I'm taking courses at my university, and we just received our class project: a simple robot that will follow a curving white line. Extra points will be given to the fastest two robots.
I'm turning to your collective wisdom again as a method of checking my logic.
Since this is a motor (modified servos actually) driven project, I'm assuming that I want to keep the total mass as low as possible.
I think the real advantage can be gained in wheel design. There are no limits on what we can do or use for wheels. Am I correct in assuming that I want high diamater, low mass wheels?
Since this is a student project, I have access to all kinds of machinery. Everything from lathes to CNC machines!
Any and all advice is welcome!
- Stan Pope
- Pine Head Legend
- Posts: 6888
- Joined: Sat Jul 05, 2003 7:01 pm
- Location: Morton, Illinois
Seriously, I would put priority on traction, stability and agility, The smallest radius of curvature of the line you must follow will determine the limits on speed. You absolutely want to avoid any slippage in the drive wheels. That limits your ability to respond to direction changes necessary to maintain high speed in the face of path changes. And you want zero directional interference from all non-drive wheels.
Slippage risk increases, when it can be least afforded (following a curve path), if the CM is high in the car. The reason is that a turn with CM high shifts weight from the inner wheel and onto the outer wheel. The vehicle will understeer and must slow dramatically to maintain contact with the path. So, stability aids agility and is essential to speed.
Since you are dealing with "powered movement", you may have plenty of energy to overcome wheel rotational inertia, so that may not be as big a factor. However, the CM of a wheel is at the axle, and you probably don't want the CM that high in the car lest stability be reduced.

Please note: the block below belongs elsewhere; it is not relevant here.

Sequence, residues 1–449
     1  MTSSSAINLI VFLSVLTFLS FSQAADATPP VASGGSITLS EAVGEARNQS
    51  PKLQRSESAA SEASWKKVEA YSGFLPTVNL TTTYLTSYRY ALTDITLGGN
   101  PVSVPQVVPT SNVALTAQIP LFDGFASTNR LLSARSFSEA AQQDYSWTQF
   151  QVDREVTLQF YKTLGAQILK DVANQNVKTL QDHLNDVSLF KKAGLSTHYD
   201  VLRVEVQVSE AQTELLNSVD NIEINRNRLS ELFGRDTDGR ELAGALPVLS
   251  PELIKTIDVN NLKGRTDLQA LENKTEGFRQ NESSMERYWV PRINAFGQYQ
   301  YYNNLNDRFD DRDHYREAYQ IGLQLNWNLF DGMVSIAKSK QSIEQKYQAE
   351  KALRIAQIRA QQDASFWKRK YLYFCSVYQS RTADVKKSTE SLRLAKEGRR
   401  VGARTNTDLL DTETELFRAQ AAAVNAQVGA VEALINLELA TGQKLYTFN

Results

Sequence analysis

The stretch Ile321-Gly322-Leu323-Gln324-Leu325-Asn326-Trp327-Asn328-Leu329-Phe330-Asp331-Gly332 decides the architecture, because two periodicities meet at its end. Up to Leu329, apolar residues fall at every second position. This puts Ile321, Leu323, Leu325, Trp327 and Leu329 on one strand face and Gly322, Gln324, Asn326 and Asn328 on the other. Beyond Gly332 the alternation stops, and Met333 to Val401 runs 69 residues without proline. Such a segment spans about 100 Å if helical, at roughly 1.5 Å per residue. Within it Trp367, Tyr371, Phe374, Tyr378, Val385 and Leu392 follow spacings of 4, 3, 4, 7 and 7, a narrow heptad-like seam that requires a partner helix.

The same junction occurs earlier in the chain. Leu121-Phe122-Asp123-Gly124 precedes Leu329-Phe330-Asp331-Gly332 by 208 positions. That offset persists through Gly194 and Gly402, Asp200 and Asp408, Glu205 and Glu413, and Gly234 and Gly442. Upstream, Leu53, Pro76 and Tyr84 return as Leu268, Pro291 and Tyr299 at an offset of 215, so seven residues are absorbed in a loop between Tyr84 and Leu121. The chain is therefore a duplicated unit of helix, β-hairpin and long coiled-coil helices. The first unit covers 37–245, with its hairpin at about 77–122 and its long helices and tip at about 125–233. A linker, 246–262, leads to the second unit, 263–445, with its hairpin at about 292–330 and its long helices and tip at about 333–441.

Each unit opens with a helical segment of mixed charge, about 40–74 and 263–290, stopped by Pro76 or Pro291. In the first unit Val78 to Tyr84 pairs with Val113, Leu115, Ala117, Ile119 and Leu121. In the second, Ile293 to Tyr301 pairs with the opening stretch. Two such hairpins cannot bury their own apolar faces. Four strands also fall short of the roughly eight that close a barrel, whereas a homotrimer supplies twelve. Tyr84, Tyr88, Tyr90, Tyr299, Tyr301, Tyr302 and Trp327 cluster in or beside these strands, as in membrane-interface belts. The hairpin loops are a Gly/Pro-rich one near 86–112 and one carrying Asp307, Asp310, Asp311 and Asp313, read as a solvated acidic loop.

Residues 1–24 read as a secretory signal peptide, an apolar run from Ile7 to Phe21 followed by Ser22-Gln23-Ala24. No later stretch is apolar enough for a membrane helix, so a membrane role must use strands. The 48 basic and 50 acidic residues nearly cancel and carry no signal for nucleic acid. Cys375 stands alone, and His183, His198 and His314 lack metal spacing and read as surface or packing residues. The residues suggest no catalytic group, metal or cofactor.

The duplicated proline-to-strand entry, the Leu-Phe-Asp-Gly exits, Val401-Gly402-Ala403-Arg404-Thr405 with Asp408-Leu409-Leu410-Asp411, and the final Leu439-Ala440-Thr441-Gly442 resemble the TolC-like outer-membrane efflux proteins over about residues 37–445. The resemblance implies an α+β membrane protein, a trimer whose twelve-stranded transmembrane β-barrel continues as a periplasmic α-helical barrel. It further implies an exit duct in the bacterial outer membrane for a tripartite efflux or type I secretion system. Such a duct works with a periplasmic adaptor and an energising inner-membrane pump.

Logic to decide direction gets harder as the complexity of the line increases. Are there sharp angles? Acutely angled paths? Path crossings? Some specs on the path would be helpful in making that algorithm effective.
Can your vehicle look both at the near path and the far path, keeping speed up when it can see that the path is smooth and reducing speed if the path curves sharply?
"If it's not for the boys, it's for the birds!"
So I echo what Stan says - traction and agility (control) is likely way more key than raw power/speed/mass/cog/etc.
The sensor designs and the software side of the project to determine steering and maneuvering - is where I would start. That being said, a sturdy and well-aligned base vehicle will only help, in that the robot can concentrate on the follow-line and not compensating for a pull to the left, or a delay in steering response, over a tendency to over-steer, etc.
- Site Admin
- Posts: 4656
- Joined: Fri Jun 20, 2003 12:46 am
- Location: Highlands Ranch, CO
Awana Grand Prix and Pinewood Derby racing - Where a child, an adult and a small block of wood combine for a lot of fun and memories.
- Master Pine Head
- Posts: 266
- Joined: Mon Feb 12, 2007 12:30 pm
- Location: Montreal, Quebec
Any PWD racers knows that the first step is to find the loopholes!
My university had robot sumo wrestling. Two robots in a circle, one needs to put the other outside the circle.
I got banned from competition after reading the rules and explaining my planned entry to the people in charge.
I was going to put a round, flat, taper-edged lead block with rubber feet in the ring. Why? Because a tie got 1 pt, a win got 2 pts, and there was a 1 pt bonus for the robot if it was autonomous. I would have won hands down.
IIRC they got me very drunk over the weekend before registration deadline. :p
And the next year the rules specifically defined autonomy and the point structure was changed.
For my project, there are no rules. But there is a grade, so it has to be in reason. I'm a little hesitant to post everything about it because it could be construed as cheating if I use too much of your advice.
There is a "suggested" way of building the robot, but he isn't giving us all the details in advance. He's releasing details a little at a time. If you follow the suggestions, you'll get an A, but you won't win the bonus points.
The wheels they supplied are HEAVY 1.5 inch hard rubber caster wheels. The wheels weigh more than the servos. Which is why I'm concentrating on the wheels at this point.
They also supplied a heavy ball-type roller, and a parallax basic stamp for controling it.
with the robotics experiment! Let us know how it turned out.